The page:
By Betty Zou, General Sciences Co-Editor
Have you ever watched The Amazing Spiderman and wondered about the physics of a man climbing vertically up a wall? Or maybe you’ve been curious about the chemistry behind homemade crystal methamphetamine as seen on Breaking Bad?
Those are the types of questions that occupy the minds of science consultants, an oft-forgotten group of people who work behind the scenes to help make movies and TV shows scientifically accurate and believable. Science consultants are typically scientists, graduate students, or others with a scientific background. Their duties range from fact-checking scripts and storylines to making sure that props and sets are realistic. Their names may not be in the end credits and they may not be paid (much), but for the scientists who advise on set it’s a fun and rewarding role that allows them to bring science to a wider audience.
The equations featured on the whiteboards of The Big Bang Theory depict real scientific discoveries and are the work of the show’s science consultant Dr. David Saltzberg, a physics professor at the University of California, Los Angeles. Photo credit: NASA Blueshift, CC by 2.0
Science and the people who study it are, by nature, creative, imaginative, and adventurous. These three traits are also embodied in the entertainment industry that strives to create larger-than-life yet believable fantasies for its viewers. A movie or TV show’s success depends on its ability to draw people into an imaginary world and keep them there. If a story (and the science behind it) is not believable, filmmakers risk losing their audience to bad reviews and poor ratings. Despite what’s at stake, science in movies and TV shows is often distorted and overly simplified. For example, complex experiments rarely have setbacks, always finish within hours, and consistently generate easy-to-interpret results without controls.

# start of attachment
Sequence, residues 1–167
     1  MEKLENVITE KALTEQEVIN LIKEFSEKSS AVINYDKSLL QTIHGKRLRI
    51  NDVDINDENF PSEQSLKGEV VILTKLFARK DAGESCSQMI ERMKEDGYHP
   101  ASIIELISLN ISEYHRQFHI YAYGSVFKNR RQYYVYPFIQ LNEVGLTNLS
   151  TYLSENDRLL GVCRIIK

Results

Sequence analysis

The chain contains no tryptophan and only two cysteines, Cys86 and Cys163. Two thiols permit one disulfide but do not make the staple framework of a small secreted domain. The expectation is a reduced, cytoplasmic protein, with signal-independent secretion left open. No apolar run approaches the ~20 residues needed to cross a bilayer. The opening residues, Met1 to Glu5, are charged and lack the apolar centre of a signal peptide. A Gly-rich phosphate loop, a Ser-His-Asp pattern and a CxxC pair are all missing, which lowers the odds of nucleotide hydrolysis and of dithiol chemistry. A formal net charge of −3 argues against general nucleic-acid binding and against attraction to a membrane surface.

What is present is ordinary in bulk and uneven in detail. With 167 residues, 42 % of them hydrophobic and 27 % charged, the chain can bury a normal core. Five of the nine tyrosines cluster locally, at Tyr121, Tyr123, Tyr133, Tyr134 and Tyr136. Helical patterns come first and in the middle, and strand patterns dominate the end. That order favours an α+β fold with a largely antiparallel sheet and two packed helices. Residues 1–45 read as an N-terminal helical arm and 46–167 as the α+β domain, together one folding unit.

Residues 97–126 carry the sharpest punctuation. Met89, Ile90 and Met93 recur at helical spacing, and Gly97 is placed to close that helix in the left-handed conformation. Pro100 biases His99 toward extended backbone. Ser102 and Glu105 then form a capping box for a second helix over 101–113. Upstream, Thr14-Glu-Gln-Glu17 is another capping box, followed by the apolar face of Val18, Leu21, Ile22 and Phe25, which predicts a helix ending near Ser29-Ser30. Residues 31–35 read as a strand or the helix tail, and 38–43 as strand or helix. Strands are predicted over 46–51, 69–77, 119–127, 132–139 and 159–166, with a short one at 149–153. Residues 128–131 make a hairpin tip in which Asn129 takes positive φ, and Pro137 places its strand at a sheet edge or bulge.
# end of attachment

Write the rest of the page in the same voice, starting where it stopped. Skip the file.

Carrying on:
These concerns were foremost in Dr. Aled Edwards’ mind when he agreed to serve as the scientific advisor for the award-winning Canadian TV series ReGenesis. “I said, ‘If I’m going to do this, there are conditions. The conditions are that the science has to be accurate, meaning that a polymerase chain reaction takes four hours, experiments screw up, and the lead character can’t know everything.’” The producers and writers agreed and Edwards, who had just started his new job as director of the Structural Genomics Consortium, stayed on for the entire four seasons of the show.
Each season, Edwards got together with the writers to brainstorm ideas for plotlines. “We had to come up with science ideas that were cutting edge, exciting, and that people could understand,” he says. “Everything in our show was possible. Maybe not existing, but possible.”
He acknowledges that staying true to the science can make a story more difficult to write and produce. “I had a very, very receptive producer and writers,” says Edwards. “They were committed to the real science part and that was an enormous commitment because it’s a lot harder to write when you have real world constraints on the science.”